14. Environmental Geography: Resource Pressures in a Crowded Land (cont.) • Other East Asian Environmental Problems (cont.) • Mounting Pollution • China’s development causing water pollution, toxic waste dumping, and air pollution from the burning of high sulfur coal • Japan, Taiwan, South Korea have implemented stringent pollution controls and established pollution-generating industries outside of their countries to reduce pollution • Environmental Issues in Japan • Japan has a relatively clean environment • Environmental restrictions, cleanup and pollution exporting • Pollution exporting: Location of their dirtier factories elsewhere in the world Globalization & Diversity: Rowntree, Lewis, Price, Wyckoff

    15. Environmental Geography: Resource Pressures in a Crowded Land (cont.) • East Asia’s Physical Geography • Large area gives it large regional climatic variability • Similar latitude extent to U.S. • Climate of southern China like Florida; climate of northern China like Canada • Japan’s Physical Environment • Subtropical in the south and nearly subarctic in the north - Climatic variations in the east and west • 85% of the country is mountainous • Japan’s forests come from favorable climate, history of forest conservation • Limited alluvial plains used for intensive agriculture • Kanto Plain, Kansai Basin, and Nobi Basin Globalization & Diversity: Rowntree, Lewis, Price, Wyckoff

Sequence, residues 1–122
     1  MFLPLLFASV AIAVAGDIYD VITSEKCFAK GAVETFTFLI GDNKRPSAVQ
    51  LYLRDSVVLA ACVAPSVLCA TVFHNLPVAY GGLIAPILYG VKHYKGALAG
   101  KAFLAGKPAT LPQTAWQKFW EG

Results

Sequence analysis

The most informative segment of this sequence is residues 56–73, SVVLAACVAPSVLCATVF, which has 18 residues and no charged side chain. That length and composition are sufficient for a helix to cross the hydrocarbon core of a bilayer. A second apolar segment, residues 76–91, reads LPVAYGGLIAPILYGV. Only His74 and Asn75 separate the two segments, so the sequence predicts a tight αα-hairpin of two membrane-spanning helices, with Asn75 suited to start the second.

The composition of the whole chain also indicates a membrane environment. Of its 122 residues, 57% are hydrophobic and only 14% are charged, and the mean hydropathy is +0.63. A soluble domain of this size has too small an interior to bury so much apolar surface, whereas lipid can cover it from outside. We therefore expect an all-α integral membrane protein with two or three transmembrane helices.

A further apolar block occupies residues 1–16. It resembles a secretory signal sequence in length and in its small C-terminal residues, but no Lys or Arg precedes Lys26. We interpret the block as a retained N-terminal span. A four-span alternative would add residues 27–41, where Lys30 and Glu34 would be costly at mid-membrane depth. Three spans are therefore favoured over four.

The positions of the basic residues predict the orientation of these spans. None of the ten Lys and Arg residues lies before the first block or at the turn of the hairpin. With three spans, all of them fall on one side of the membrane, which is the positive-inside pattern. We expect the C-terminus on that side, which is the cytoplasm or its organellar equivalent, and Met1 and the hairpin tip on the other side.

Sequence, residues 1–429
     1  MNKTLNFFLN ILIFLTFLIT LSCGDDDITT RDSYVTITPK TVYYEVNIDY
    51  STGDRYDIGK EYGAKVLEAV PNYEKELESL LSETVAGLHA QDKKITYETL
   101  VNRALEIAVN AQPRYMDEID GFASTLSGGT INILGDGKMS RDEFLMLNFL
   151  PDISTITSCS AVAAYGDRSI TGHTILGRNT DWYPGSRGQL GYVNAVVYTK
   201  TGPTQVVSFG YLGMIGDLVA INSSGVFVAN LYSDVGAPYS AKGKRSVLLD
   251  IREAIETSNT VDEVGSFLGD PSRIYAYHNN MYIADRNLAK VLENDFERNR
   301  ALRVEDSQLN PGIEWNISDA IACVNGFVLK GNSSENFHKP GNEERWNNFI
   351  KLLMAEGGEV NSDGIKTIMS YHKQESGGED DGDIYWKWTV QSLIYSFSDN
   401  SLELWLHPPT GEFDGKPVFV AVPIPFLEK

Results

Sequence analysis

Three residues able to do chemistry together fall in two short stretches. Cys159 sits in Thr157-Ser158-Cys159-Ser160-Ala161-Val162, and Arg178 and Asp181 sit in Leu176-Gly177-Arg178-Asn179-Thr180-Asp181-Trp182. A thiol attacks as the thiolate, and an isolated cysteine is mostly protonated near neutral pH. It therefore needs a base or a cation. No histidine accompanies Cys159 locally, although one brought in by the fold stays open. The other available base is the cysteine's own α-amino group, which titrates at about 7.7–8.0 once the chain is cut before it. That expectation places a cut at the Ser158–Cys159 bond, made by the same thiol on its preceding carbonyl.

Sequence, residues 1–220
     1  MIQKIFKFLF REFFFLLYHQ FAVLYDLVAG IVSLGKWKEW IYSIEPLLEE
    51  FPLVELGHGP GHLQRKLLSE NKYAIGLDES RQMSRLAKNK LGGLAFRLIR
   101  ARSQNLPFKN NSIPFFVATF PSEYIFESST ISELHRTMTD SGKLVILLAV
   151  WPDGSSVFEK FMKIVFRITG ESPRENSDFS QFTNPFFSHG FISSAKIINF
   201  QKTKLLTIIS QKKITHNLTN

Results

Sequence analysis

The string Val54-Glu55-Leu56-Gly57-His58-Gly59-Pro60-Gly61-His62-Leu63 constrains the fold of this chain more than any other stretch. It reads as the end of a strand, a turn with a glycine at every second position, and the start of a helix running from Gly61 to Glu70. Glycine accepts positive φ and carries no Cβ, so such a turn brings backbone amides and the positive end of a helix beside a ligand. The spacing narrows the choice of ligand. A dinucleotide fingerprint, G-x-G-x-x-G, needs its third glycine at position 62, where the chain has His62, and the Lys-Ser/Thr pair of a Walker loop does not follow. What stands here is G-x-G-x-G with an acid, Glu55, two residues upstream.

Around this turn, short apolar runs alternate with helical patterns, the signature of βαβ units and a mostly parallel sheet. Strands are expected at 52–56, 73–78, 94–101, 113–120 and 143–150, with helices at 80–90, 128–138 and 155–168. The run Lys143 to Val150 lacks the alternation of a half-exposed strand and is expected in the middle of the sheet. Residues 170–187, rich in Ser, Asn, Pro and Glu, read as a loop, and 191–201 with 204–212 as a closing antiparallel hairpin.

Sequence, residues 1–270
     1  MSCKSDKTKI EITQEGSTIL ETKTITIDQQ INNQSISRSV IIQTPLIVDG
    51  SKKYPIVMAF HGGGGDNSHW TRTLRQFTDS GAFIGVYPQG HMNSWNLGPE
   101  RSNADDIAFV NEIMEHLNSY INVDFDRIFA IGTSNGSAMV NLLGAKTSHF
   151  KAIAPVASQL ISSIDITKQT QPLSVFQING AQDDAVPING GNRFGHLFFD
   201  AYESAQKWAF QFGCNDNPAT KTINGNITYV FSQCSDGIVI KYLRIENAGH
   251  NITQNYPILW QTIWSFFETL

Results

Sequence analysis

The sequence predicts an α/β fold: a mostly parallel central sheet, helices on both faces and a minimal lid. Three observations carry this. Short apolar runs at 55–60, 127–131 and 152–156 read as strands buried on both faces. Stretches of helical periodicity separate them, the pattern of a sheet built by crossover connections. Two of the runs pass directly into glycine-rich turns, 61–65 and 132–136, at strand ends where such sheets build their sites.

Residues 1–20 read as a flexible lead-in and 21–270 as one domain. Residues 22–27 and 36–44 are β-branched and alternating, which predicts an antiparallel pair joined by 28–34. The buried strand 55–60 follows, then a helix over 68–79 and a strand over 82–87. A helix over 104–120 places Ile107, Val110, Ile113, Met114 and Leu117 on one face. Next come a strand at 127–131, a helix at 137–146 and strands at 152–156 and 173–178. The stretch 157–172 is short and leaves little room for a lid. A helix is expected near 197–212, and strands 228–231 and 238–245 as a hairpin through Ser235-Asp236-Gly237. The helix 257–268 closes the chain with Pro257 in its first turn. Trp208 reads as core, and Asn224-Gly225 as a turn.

16. Physical Geography of East Asia (Fig. 11.6) Globalization & Diversity: Rowntree, Lewis, Price, Wyckoff

    17. Environmental Geography: Resource Pressures in a Crowded Land (cont.) • East Asia’s Physical Geography (cont.) • Taiwan’s Environment • Central and eastern regions are rugged and mountainous; west is dominated by an alluvial plain; mild winter climate; still has extensive forests • Chinese Environments • Southern China: rugged mountains and hills interspersed with lowland basins • Northern China: Gobi Desert, North China Plain, Loess Plateau • Korean Landscapes • Mountainous country with scattered alluvial basins • South Korea has better farmlands than North Korea Globalization & Diversity: Rowntree, Lewis, Price, Wyckoff

    18. ClimateMapofEast Asia(Fig. 11.7) Globalization & Diversity: Rowntree, Lewis, Price, Wyckoff

    19. Comparing Size & Latitude Globalization & Diversity: Rowntree, Lewis, Price, Wyckoff